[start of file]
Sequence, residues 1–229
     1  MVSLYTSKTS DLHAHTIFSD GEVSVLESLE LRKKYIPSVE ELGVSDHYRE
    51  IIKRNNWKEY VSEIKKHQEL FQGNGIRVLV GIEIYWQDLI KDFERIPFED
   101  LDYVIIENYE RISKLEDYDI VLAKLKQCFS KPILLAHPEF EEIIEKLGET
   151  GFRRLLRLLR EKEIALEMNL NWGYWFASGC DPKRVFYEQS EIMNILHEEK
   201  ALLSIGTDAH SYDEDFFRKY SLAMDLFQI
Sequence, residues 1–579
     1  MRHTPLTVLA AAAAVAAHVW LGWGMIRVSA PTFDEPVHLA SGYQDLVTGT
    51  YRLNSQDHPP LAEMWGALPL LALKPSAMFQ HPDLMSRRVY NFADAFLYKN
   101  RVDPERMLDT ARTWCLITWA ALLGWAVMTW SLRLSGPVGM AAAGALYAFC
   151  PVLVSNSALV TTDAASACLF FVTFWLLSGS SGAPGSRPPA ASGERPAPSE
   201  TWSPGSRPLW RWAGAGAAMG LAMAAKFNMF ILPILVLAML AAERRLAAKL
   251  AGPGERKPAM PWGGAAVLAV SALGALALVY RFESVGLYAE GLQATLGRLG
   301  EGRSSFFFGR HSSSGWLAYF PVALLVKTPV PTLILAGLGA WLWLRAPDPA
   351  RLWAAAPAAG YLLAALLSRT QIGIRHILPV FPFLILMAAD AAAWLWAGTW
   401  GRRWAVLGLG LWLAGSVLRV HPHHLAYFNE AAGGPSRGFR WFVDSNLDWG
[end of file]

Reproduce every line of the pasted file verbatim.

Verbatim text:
Sequence, residues 1–229
     1  MVSLYTSKTS DLHAHTIFSD GEVSVLESLE LRKKYIPSVE ELGVSDHYRE
    51  IIKRNNWKEY VSEIKKHQEL FQGNGIRVLV GIEIYWQDLI KDFERIPFED
   101  LDYVIIENYE RISKLEDYDI VLAKLKQCFS KPILLAHPEF EEIIEKLGET
   151  GFRRLLRLLR EKEIALEMNL NWGYWFASGC DPKRVFYEQS EIMNILHEEK
   201  ALLSIGTDAH SYDEDFFRKY SLAMDLFQI
Sequence, residues 1–579
     1  MRHTPLTVLA AAAAVAAHVW LGWGMIRVSA PTFDEPVHLA SGYQDLVTGT
    51  YRLNSQDHPP LAEMWGALPL LALKPSAMFQ HPDLMSRRVY NFADAFLYKN
   101  RVDPERMLDT ARTWCLITWA ALLGWAVMTW SLRLSGPVGM AAAGALYAFC
   151  PVLVSNSALV TTDAASACLF FVTFWLLSGS SGAPGSRPPA ASGERPAPSE
   201  TWSPGSRPLW RWAGAGAAMG LAMAAKFNMF ILPILVLAML AAERRLAAKL
   251  AGPGERKPAM PWGGAAVLAV SALGALALVY RFESVGLYAE GLQATLGRLG
   301  EGRSSFFFGR HSSSGWLAYF PVALLVKTPV PTLILAGLGA WLWLRAPDPA
   351  RLWAAAPAAG YLLAALLSRT QIGIRHILPV FPFLILMAAD AAAWLWAGTW
   401  GRRWAVLGLG LWLAGSVLRV HPHHLAYFNE AAGGPSRGFR WFVDSNLDWG